Friday, September 17, 2010

Brutus and the Bear--The World from my Balcony

A couple of weeks ago, I saw my neighbor Tony head out with his large dog Brutus for a morning walk. Tony wanted to turn either left or right down the sidewalk. Brutus didn’t.

But Brutus is about the most even tempered dog I’ve ever seen. He didn’t bark or growl or anything. He just refused and stood there. He wanted to cross the street to take his early morning pee on the corner of a retaining wall rather than take that pee anyplace else.

So what did Tony do? He walked across the street and waited patiently while Brutus lifted his leg and did his morning business. Then they walked down the street together. Brutus with his curled tail high and waving from side to side, Tony ambling with him. Just a couple of “guys” on their morning rounds.

Carolyn has known Brutus since he was a tiny puppy. She’s always referred to him as Mr. Puppy and not the more regal title he is known by in his own home. This also comes from the day when he greeted her by rearing up with each front paw on one of her shoulders promptly knocking her on her behind.

Brutus lives a life of being cared for by a loving family. The family is “Brutus and his Humans” for they belong to him more than he belongs to them. In addition to Tony there are 4 females in the household, the youngest about 11. His “girls” take him out quite often and he walks proud with them rarely tugging at the leash—for when he does, whoever is holding the leash is going for a ride, he’s that big and strong. Woe be unto anyone who would threaten any of his humans. We’re sure that Brutus, who’s starting to get up there in age, would tear them apart in defense of his family.

Brutus will even suffer the indignity of getting a bath out in the open when he looks like a long suffering derelict being scrubbed and rinsed. But, he always seems to be just a bit prouder of his clean, glossy coat with just a bit of extra swagger on his next sojourn.

On the other side of us lives Bear. Now Bear has his own yard. But he basically lives inside a 3 x 2 large “pet carrier” sitting on the front porch. And his yard—well from about April on, it’s dirt and sand. In the “rainy” season of December & January the yard turns green and by February it’s green—but overgrown to a height of about 2 feet with trails worn in it from the limits of the rope used to tie Bear to his yard. At least when there’s grass the feces left in the yard for weeks on end are hidden. This time of year they cover the ground. It’s not Bear’s fault. It’s that his “human” just flat out doesn’t pay any attention to him.

Bear will come dancing out to the end of his rope wagging his tail and barking (a friendly bark) when skateboarders come down the sidewalk or sometimes when people are walking. Occasionally, his bark and end of rope dance causes shrieking (I love it when teen boys are the ones shrieking like a 12 year old girl scared of a spider). Come on kids; check his body language and tail. He wants to say “hi” and make a friend.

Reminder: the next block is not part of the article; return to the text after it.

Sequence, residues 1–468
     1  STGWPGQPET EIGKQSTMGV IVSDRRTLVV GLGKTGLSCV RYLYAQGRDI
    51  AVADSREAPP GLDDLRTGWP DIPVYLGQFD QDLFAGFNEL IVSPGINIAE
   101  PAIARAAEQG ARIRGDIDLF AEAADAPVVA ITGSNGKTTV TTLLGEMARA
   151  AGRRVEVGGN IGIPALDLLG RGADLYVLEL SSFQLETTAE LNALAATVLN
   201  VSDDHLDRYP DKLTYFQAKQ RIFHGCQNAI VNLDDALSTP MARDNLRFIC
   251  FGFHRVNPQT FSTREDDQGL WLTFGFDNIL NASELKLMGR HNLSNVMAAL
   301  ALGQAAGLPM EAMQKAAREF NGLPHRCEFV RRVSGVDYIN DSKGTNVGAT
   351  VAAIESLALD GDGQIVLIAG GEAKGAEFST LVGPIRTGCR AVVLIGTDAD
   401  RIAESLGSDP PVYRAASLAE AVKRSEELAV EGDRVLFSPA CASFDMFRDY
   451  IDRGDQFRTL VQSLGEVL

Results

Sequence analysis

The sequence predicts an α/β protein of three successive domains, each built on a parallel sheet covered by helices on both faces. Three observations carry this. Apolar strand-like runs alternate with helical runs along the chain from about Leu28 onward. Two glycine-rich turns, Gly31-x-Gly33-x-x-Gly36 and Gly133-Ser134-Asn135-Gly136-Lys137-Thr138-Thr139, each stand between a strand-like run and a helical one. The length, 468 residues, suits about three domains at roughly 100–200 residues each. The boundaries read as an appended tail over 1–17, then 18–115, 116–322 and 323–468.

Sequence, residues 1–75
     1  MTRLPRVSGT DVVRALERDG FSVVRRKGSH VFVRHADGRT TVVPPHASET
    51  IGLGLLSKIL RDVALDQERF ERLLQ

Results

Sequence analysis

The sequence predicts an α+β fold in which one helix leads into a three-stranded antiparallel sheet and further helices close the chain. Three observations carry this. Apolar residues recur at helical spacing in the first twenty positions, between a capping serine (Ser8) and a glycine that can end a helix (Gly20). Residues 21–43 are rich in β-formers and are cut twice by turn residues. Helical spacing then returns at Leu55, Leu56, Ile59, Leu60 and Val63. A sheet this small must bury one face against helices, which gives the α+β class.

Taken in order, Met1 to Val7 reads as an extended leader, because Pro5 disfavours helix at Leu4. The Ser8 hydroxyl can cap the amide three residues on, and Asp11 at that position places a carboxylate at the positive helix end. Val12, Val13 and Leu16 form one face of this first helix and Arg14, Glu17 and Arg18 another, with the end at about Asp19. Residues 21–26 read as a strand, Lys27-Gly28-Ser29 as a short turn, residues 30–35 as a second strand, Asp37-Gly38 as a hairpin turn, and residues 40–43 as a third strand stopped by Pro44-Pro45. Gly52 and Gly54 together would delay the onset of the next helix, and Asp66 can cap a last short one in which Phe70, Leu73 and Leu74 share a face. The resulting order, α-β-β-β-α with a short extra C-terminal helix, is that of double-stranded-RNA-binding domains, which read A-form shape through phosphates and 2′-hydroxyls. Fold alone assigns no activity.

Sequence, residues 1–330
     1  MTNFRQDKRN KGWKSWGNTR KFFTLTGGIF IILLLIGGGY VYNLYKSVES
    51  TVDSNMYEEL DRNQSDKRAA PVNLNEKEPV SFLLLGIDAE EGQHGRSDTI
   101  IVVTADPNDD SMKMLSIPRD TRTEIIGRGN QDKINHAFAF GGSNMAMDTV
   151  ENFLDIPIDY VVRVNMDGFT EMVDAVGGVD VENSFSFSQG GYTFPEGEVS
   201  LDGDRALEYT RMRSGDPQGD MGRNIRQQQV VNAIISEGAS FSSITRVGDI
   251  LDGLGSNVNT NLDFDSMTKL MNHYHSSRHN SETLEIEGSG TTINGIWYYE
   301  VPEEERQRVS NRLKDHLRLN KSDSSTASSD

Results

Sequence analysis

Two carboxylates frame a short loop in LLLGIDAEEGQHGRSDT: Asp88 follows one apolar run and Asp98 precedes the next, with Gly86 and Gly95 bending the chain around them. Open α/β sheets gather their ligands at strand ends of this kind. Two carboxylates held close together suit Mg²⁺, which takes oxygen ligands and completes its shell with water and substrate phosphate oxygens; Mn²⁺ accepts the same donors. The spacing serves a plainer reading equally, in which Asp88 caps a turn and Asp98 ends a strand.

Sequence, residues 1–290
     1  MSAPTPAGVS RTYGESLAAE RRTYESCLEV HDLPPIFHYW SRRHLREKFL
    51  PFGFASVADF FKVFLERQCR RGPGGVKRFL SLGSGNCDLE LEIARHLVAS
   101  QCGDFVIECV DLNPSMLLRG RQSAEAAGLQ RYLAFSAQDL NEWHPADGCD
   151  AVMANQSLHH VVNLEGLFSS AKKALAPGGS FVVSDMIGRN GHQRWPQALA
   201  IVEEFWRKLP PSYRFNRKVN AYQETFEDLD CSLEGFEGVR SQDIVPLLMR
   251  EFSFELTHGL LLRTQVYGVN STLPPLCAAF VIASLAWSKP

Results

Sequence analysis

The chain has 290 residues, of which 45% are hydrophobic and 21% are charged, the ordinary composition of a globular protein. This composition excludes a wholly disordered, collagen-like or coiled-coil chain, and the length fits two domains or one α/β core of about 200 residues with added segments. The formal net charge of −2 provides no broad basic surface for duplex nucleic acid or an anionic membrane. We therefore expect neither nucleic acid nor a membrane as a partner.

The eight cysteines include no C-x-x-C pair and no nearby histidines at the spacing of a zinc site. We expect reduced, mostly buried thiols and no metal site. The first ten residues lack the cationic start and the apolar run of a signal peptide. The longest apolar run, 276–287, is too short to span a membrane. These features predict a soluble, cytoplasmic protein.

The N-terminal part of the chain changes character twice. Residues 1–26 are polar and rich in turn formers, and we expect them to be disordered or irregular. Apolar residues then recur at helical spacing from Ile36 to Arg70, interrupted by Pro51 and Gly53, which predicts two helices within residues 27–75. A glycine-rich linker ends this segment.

To me, Bear is lonely and could really use a friend. I have often wished that I knew his “owner” and could take him out on walks to explore the neighborhood. There have been a number of times when I’ve made it a point to grill up some steaks with bones (like a t-bone or bone in rib eye) and then made it a point to leave plenty of meat on the bone so I could toss it to Bear for a treat. I swear, that the first time I did that he didn’t know what to do with it a first. He sniffed it suspiciously several times then ignored it. Until later, after dark when I could hear him crunching on the bones. I’ve even bought him rawhide chew bones for Christmas and tossed them to him.

All dogs deserve at least a little bit of love. But unfortunately, many is the time when I have seen his “human” come home and walk right by him saying nothing, not even delivering a scratch behind the ears and disappear inside his house ignoring the welcome home greeting that Bear was trying to provide. What a jerk.

I’ve wondered about this dynamic many times. If his “humans” are out playing and Brutus is left out, he’ll let them know with a loud bark that says “Hey! I know you’re doing something fun and you’re not including me! What’s up with that?”

And Bear dances at the end of his rope. Sometimes, Tony and Brutus will stop so that Brutus can go over to Bear and they can say “hi” but doing that decidedly male dog thing of sniffing noses and butt thing. Then Tony and Brutus continue their walk while Bear looks forlornly after them as if he would dearly love to join them.

So what’s the point to this? Well there are a whole bunch of different twists that can be put on this allegory. I'll let you come up with your own.

Suffice it to say, Brutus is part of a family and loved. He takes care of his family and would defend them to his death. Surprisingly, I think Bear would do the same for his family—whoever they are. Brutus is content in his family and belongs. Bear is content too for he knows nothing else but yearns for more. Like so many, he has much more to give. And if I had to choose between the two, I guess I’d choose the Bear.

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